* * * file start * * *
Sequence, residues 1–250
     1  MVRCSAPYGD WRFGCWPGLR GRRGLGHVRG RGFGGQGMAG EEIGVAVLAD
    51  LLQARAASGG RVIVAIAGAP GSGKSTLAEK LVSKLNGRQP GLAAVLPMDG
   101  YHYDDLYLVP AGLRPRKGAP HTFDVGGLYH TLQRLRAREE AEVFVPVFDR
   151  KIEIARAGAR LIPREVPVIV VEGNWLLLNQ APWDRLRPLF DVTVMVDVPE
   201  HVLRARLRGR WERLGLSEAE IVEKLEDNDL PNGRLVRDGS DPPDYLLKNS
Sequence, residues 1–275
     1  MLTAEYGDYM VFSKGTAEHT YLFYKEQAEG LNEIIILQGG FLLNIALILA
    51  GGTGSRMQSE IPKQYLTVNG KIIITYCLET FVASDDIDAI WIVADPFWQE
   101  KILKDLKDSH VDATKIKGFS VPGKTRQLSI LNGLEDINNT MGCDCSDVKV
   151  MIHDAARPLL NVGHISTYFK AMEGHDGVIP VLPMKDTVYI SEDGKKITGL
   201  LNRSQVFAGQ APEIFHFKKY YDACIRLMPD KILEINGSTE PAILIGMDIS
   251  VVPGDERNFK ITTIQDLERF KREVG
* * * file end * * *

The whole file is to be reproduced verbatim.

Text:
Sequence, residues 1–250
     1  MVRCSAPYGD WRFGCWPGLR GRRGLGHVRG RGFGGQGMAG EEIGVAVLAD
    51  LLQARAASGG RVIVAIAGAP GSGKSTLAEK LVSKLNGRQP GLAAVLPMDG
   101  YHYDDLYLVP AGLRPRKGAP HTFDVGGLYH TLQRLRAREE AEVFVPVFDR
   151  KIEIARAGAR LIPREVPVIV VEGNWLLLNQ APWDRLRPLF DVTVMVDVPE
   201  HVLRARLRGR WERLGLSEAE IVEKLEDNDL PNGRLVRDGS DPPDYLLKNS
Sequence, residues 1–275
     1  MLTAEYGDYM VFSKGTAEHT YLFYKEQAEG LNEIIILQGG FLLNIALILA
    51  GGTGSRMQSE IPKQYLTVNG KIIITYCLET FVASDDIDAI WIVADPFWQE
   101  KILKDLKDSH VDATKIKGFS VPGKTRQLSI LNGLEDINNT MGCDCSDVKV
   151  MIHDAARPLL NVGHISTYFK AMEGHDGVIP VLPMKDTVYI SEDGKKITGL
   201  LNRSQVFAGQ APEIFHFKKY YDACIRLMPD KILEINGSTE PAILIGMDIS
   251  VVPGDERNFK ITTIQDLERF KREVG